Handel composed Messiah in just 24 days – he began the masterwork on August 22 1741 and completed it on Sept 14. In these three weeks he created a work that still enjoys immense popularity more than 275 years after it was written.
Messiah was premiered as a charity benefit on April 13, 1742, in the Great Music Hall, Fishamble Street, Dublin.
The assembled press unanimously praised the performance: “Words are wanting to express the exquisite delight it afforded to the admiring and crowded Audience” and “This work far surpassed anything of that Nature which has been performed in this or any other Kingdom.”
Handel’s most significant musical innovation in Messiah, and his other oratorios, was his use of the chorus, which was given a much greater role than in the opera, enjoying equal status with soloists. This enhanced use of the chorus had a marked impact, not only because Handel could write for choir with tremendous flair and imagination, but because audiences could experience a more personal connection to the music when a choir was involved.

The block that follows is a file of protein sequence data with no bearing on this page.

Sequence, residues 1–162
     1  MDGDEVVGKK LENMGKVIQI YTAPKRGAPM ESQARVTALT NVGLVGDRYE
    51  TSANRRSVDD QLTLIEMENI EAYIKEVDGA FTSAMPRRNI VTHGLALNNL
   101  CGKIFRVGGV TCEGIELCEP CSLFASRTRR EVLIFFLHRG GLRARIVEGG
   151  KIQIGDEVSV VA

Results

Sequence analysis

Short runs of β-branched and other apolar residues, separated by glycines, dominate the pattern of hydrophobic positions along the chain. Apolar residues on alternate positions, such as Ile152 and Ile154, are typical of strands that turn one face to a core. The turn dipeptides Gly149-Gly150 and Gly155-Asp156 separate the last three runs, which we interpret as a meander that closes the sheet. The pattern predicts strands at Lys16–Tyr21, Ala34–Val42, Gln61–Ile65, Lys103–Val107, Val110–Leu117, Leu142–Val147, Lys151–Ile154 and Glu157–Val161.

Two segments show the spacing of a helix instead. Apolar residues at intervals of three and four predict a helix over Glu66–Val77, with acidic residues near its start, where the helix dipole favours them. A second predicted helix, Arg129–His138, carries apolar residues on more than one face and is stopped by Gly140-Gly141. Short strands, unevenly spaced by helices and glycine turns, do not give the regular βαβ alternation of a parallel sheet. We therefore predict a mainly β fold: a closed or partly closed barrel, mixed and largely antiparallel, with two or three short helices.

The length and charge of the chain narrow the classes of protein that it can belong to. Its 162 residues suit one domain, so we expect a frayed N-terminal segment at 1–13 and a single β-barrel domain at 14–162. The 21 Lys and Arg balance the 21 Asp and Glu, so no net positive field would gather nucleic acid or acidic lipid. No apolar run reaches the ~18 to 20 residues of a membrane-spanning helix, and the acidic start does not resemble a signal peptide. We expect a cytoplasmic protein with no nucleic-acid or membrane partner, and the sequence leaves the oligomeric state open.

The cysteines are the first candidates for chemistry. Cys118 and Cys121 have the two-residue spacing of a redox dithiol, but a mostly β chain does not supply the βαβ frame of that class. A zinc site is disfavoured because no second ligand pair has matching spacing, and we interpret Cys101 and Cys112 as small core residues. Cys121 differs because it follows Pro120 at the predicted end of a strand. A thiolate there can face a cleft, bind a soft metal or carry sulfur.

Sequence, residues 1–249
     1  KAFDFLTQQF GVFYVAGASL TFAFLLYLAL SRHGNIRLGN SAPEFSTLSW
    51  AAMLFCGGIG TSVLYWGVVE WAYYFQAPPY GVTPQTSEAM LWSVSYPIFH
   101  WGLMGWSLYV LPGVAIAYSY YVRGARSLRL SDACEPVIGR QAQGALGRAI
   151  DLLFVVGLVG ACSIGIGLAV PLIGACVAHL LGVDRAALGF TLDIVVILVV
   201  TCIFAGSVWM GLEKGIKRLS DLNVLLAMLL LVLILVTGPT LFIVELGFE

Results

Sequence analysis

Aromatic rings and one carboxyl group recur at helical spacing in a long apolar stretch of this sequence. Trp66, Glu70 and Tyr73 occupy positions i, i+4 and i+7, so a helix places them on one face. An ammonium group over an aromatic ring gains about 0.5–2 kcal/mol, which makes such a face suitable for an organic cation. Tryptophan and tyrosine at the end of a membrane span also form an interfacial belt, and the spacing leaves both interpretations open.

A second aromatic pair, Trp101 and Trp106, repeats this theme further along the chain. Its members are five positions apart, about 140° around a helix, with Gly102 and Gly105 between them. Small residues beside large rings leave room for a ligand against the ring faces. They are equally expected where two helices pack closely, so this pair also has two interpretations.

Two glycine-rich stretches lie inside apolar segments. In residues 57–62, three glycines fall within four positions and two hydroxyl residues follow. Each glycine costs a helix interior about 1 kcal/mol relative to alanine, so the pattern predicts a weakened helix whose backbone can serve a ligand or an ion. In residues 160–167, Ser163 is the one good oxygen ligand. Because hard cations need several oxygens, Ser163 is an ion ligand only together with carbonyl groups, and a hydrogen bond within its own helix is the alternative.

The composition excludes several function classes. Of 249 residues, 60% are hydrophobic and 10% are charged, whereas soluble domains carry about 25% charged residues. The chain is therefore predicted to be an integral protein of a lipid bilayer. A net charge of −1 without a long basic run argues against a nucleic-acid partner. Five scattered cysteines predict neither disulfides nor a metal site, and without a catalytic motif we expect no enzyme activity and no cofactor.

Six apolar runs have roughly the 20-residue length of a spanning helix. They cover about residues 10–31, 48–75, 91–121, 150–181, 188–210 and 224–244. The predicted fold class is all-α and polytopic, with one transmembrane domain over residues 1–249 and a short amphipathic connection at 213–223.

The chorus has the greatest role of any actor in Messiah, thanks to the power and variety of Handel’s choral writing.
George Frideric Handel’s Messiah has become one of the most popular works in the choral/orchestral repertoire. This magnificent work continues to speak to people of many cultures and faiths around the world. It has become one of the best known and most frequently performed choral works in Western music, proclaiming “peace on earth, and goodwill towards men” – a message that continues to be timely and universal.